What is vernacular photography? Generally defined as the most ordinary or utilitarian form of imagery, vernacular photography ranges from early ethnographic records to family photo albums to today’s social media. The aim of this symposium is to reconsider the uses and meanings of these frequently overlooked photographic practices, ones that often reinforce conventions of social identity but can also become crucial sites of creative resistance and transformation. Speakers from a wide range of academic disciplines will consider vernacular representations of everyday life, offering new ways to think about photography in relation to our political communities, cultural identities, social agency, and daily personal rituals.

Wikipediathon: Rewriting Dalit History

Saturday, October 20, 2018

B. R. Ambedkar is one of Columbia University’s most illustrious alumni, and a political thinker and constitutional lawyer whose thought and activism has shaped the world’s largest democracy.  In 2018, the Inaugural Ambedkar Lectures have been planned as a series of two public events to recognize Ambedkar’s continuing relevance for social justice activism and democratic thought in global frame

2018 marks the two-hundredth anniversary of Mary Shelley’s classic novel Frankenstein – a book about birth, death, fragmentation, monstrosity, and knowledge that continues to haunt contemporary thought and culture. In the two centuries since its publication, readers have variously interpreted Frankenstein as a cautionary tale of scientific hubris, an allegory of motherhood, a political commentary, and a gothic horror. Meanwhile, the loquacious monster at the heart of the novel has left the book to become a figure of inarticulacy and terror in the popular imagination. Recent scholarship on Frankenstein juggles between these polarities, while also considering manuscript evidence of a collaborative writing process shared by Mary Shelley and her poet husband Percy.

New Books in the Arts & Sciences: Celebrating Recent Work by Alan Stewart

This year’s 13/13 seminar series will take this problem as its task: to buck centuries of contemplative complacency and return praxis to its proper place in the order of things. In doing so, the seminar will strive to address the most critical question today: What is to be done? And what exactly is critical praxis today?

Edward W. Said remained, for over forty years, concerned with Conrad. A fascinating conversation emerges between the two men’s work, one concerned with aesthetics, displacement and empire, and sheds an interesting light on the present moment.

The Sojourner Project: Dialogues on Black Precarity, Fungibility, and Futurity

Tuesday, October 30, 2018 - Wednesday, October 31, 2018

Formed in fall 2015 by co-conveners Tina Campt and Saidiya Hartman, The Practicing Refusal Collective was created to initiate a new exploratory dialogue on antiblackness in the twenty-first century. Our point of departure is a set of overlapping interests and investments in theorizing the contemporary circumstances of imperiled blackness and vulnerable black bodies. The Collective aims to think through and toward refusal as a generative and capacious rubric for understanding everyday practices of struggle often obscured by an emphasis on collective or individual acts of resistance. To inaugurate the fourth year of this project, the Collective will convene a series of expanded conversations under the title “The Sojourner Project: Dialogues on Black Precarity, Fungibility, and Futurity,” on October 30-31, 2018.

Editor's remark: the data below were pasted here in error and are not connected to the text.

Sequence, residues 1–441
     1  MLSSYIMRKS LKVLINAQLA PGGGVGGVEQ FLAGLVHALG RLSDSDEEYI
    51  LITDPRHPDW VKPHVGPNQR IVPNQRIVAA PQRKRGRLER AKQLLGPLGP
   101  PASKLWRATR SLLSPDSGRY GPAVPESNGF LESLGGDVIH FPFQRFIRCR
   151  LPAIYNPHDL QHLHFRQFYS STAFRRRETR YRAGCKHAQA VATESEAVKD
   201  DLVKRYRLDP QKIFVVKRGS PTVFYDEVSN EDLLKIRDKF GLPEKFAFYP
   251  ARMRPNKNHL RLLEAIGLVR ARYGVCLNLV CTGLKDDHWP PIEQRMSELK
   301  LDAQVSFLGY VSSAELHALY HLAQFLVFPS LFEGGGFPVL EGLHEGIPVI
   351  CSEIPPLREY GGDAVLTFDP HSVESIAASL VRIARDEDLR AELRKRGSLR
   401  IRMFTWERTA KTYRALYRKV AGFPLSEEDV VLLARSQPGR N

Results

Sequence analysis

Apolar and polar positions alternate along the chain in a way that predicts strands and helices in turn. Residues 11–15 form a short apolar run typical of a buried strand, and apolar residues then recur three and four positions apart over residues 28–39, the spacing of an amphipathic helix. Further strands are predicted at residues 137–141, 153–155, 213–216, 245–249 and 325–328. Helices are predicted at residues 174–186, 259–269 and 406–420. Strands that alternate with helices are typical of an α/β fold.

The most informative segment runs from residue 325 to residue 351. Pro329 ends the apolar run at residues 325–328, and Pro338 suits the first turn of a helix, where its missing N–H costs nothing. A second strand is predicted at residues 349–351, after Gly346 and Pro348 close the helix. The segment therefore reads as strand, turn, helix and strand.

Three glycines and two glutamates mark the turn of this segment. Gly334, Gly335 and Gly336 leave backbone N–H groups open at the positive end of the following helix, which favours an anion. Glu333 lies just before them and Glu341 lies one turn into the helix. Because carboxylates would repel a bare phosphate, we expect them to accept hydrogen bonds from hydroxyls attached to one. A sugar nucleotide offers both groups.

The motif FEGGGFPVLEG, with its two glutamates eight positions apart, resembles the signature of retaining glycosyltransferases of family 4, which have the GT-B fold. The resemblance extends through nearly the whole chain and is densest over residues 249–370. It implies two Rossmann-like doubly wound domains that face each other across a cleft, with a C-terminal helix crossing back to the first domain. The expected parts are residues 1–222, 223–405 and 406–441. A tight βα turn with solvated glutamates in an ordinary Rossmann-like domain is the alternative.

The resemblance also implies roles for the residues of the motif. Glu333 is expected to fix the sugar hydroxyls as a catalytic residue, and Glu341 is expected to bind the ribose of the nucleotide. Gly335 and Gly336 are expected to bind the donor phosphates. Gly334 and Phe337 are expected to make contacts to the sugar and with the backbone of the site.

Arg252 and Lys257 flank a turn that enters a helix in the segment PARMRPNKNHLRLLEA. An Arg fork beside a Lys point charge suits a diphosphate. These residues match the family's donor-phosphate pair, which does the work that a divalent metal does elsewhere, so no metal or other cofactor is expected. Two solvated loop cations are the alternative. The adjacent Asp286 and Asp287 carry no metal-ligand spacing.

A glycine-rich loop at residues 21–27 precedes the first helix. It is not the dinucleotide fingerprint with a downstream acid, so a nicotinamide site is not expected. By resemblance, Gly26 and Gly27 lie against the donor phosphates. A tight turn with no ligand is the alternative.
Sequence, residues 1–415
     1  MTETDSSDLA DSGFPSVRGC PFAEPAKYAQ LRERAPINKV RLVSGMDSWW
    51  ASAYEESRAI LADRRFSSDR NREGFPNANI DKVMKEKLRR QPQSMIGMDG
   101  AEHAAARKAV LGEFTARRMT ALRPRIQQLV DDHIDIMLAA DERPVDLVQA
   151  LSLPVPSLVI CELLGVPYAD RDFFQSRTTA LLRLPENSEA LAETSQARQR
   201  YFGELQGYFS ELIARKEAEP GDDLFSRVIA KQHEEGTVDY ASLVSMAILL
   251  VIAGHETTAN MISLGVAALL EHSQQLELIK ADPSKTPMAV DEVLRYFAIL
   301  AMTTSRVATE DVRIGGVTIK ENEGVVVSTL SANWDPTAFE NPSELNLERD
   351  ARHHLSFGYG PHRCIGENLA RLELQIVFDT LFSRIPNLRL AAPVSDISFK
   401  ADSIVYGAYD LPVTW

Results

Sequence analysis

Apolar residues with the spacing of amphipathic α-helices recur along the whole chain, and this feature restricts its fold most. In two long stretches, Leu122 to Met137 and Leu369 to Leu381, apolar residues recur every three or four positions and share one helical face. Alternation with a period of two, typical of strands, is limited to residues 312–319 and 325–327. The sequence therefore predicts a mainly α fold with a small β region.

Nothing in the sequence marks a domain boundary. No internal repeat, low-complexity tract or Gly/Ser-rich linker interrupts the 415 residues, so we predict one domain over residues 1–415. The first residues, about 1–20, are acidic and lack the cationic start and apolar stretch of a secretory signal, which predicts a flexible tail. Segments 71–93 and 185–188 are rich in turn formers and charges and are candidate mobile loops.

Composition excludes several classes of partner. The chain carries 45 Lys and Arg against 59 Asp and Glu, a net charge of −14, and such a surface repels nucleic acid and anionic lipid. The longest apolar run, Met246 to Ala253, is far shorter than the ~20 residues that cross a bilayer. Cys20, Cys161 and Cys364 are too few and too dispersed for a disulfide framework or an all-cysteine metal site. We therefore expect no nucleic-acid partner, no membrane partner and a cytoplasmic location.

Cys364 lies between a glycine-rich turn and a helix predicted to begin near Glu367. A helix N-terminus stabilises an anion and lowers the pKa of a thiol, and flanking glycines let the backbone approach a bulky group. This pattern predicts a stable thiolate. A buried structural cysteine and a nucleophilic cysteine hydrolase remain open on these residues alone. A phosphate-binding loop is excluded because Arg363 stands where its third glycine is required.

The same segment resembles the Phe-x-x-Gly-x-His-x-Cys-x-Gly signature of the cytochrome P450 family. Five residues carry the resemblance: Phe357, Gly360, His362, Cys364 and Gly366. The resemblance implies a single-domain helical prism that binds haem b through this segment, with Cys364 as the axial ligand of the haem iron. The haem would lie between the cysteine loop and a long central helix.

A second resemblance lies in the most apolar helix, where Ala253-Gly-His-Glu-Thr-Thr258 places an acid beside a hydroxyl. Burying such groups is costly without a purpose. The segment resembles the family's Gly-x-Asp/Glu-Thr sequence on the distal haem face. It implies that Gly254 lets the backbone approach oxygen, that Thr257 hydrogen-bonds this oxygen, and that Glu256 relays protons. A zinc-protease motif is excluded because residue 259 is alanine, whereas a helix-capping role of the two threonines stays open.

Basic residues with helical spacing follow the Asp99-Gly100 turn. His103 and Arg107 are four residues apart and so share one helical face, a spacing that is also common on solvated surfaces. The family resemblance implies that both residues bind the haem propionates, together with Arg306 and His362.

Undead Texts: Grand Narratives and the History of the Human Sciences

Thursday, November 1, 2018 - Friday, November 2, 2018

They are the undead texts. Once they bestrode disciplines like colossi: assigned on every reading list, cited in almost every book and article, endlessly discussed and debated. They were often the only college texts students could recall decades after graduation; they recruited a whole generation of scholars to their respective fields. Most were composed between 1920 and 1970: in literary studies, Erich Auerbach’s Mimesis (1953); in the history and philosophy of science, Thomas S. Kuhn’s The Structure of Scientific Revolutions (1962); in anthropology, Mary Douglas’s Purity and Danger: An Analysis of the Concepts of Pollution and Tabu (1966); in sociology, Erving Goffman’s The Presentation of Self in Everyday Life (1956); in gender studies, Simone de Beauvoir’s The Second Sex.

Steps to Liberty (Les Marches de la liberté)

Wednesday, November 7, 2018

Opening night of the film series "Blackness in French and Francophone Film" organized by the Columbia Maison Française and co-sponsored by the School of the Arts.

Roxane Gay, award-winning author of Hunger: A Memoir of (My) Body (2017), Difficult Women (2017), and Bad Feminist (2014) and Katia D. Ulysse, Haitian poet, essayist and author of Drifting (2014), among other works, will join us for a reading and conversation in the Critical Caribbean Feminisms series. Following the reading, Gay, Ulysse, and BCRW Associate Director Tami Navarro will discuss various forms of writing–including novels, memoir, and social media interventions–and examine how these create space for conversations around and advocacy for social justice.

Black Girl (La Noire de…)

Thursday, November 8, 2018

A film by Ousmane Sembène (1966, 65 min.). Screening followed by a conversation with Souleymane Bachir Diagne, Mamadou Diouf, and Maboula Soumahoro. Ousmane Sembène was one of the world's greatest and most groundbreaking filmmakers, as well as the most renowned African director of the twentieth century—and yet his name still deserves to be better known in the rest of the world. He made his feature debut in 1966 with the brilliant and stirring film Black Girl.